In the eyes of many, President Obama has been soft on immigration. Indeed, in his eight years in office, roughly 2.5 million illegal immigrants have crossed the border. Some of these immigrants have crossed the southern border illegally, while many have also overstayed their visas. But Obama is claiming a narrative of being quite strong against immigration, claiming they have deported nearly 2.4 million illegals during his term in office. Others have latched on calling him the Deporter-in-Chiief.
Obama was dubbed the “Deporter-in-Chief” in 2014 by Janet Murguía, president of the National Council of La Raza, an immigrant advocacy group.
“For the president, I think his legacy is at stake here,” Murguía told Politico in March 2014. “We consider him the deportation president, or the deporter-in-chief.”
But Obama himself explained how his numbers on deportation have been so high.
“The statistics are actually a little deceptive because what we’ve been doing is, with the stronger border enforcement, we’ve been apprehending folks at the borders and sending them back. That is counted as a deportation, even though they may have only been held for a day or 48 hours, sent back — that’s counted as a deportation.”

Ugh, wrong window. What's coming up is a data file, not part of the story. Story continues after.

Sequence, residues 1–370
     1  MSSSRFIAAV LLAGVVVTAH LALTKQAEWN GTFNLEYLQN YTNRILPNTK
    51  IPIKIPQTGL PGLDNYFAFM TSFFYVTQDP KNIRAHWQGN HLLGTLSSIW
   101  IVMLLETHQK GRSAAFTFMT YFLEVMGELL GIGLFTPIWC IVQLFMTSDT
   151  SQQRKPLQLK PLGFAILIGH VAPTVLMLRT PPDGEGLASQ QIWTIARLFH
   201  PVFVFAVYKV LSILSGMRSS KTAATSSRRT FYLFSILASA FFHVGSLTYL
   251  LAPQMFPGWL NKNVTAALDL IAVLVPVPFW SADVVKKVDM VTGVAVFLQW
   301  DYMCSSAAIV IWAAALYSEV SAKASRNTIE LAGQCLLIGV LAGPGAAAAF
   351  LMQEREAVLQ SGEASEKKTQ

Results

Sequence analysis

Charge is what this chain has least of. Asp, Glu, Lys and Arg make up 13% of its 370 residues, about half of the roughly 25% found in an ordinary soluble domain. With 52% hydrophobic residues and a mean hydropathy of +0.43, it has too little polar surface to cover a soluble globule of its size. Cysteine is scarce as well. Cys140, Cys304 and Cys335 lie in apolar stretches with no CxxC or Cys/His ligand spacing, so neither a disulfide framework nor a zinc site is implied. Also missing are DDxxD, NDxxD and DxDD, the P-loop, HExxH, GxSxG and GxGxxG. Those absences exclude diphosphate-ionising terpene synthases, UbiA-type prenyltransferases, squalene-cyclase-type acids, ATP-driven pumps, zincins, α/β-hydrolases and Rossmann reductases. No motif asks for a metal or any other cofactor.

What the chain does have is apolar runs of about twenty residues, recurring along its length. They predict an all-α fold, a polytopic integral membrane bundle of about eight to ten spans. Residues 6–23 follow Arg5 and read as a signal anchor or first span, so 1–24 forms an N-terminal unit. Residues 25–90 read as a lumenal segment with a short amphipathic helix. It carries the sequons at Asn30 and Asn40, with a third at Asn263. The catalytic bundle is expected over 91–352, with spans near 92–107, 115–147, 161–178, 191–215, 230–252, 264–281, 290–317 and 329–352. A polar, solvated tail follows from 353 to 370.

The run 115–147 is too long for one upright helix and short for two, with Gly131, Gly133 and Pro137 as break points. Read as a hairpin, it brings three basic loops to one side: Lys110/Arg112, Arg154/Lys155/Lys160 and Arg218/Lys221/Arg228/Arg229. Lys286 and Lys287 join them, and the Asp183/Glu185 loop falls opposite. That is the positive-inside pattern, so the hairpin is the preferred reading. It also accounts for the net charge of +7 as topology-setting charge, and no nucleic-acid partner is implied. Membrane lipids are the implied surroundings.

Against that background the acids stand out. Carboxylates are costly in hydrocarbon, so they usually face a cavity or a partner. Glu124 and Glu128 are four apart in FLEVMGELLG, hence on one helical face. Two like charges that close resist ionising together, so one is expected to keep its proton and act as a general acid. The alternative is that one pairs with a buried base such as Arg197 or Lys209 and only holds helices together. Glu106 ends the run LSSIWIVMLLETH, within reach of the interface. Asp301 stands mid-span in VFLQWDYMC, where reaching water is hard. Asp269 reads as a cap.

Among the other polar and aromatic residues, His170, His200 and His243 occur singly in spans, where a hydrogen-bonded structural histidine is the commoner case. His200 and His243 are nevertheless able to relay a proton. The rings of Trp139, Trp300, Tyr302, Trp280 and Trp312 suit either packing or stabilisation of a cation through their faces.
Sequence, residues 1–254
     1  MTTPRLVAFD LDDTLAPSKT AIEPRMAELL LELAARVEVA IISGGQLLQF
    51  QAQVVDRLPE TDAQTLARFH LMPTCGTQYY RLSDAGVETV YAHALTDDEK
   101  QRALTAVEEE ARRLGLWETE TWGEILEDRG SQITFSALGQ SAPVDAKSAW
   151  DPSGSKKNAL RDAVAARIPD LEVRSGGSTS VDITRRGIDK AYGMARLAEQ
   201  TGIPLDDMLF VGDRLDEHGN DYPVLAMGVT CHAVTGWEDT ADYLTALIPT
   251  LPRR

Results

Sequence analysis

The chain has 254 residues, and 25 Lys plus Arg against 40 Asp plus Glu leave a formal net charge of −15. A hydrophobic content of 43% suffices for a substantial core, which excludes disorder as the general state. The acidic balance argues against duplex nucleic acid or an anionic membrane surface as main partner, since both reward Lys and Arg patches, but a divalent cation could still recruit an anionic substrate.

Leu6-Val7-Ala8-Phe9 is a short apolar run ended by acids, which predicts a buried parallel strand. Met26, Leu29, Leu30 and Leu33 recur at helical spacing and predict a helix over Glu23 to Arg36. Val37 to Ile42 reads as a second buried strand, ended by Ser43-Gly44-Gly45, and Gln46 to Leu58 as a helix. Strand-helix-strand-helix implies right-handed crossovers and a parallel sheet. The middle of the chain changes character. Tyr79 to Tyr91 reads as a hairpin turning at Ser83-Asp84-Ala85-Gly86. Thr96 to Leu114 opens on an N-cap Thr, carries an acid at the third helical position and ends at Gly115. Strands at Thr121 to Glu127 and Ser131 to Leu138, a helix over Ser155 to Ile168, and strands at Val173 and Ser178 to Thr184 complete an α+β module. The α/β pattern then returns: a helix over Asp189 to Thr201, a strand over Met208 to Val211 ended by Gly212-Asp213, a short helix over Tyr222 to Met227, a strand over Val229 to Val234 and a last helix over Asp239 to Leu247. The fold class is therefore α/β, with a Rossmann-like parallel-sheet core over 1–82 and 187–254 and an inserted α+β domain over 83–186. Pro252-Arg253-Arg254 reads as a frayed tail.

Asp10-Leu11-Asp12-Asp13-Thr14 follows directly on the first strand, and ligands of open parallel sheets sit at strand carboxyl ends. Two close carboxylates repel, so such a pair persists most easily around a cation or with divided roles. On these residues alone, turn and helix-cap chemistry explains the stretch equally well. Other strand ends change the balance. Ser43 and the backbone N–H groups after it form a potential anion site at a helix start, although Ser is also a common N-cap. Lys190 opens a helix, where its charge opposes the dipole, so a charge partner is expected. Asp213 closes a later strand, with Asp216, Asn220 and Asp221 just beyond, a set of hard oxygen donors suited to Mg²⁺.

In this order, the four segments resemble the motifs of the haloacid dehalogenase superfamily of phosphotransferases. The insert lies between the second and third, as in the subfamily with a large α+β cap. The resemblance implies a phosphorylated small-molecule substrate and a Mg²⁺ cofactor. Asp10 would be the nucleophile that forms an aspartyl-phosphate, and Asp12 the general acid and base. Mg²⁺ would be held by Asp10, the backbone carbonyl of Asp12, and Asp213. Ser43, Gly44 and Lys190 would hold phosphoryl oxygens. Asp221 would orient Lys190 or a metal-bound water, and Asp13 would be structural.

The math is fuzzy on whether Obama is actually a strong proponent of deportation, or if he is using a verbal loophole to boost his numbers. Which is why Obama’s announcement for a 1995 Cuban immigration policy seems out of character for the President but in step with the rule of law.
“The Department of Homeland Security is ending the so-called ‘wet foot, dry foot’ policy, which was put in place more than twenty years ago and was designed for a different era,” Mr. Obama said in a statement on Thursday. He said the U.S. was taking important steps to normalize relations with the communist nation and to bring greater consistency to its immigration policy.
The “wet foot, dry foot” immigration policy was implemented in 1995 under President Bill Clinton. It allowed Cubans caught escaping Cuba to become citizens within a year, as the United States did not want to send refugees back to Communist Cuba.
But now the policy is scrapped, effective immediately. Cuban migrants will immediately get deported to Cuba, unless they can effectively prove they are targets of persecution.
This shift in policy is actually more aligned with Donald Trump’s tough immigration policies, which include closing the border and deporting illegals.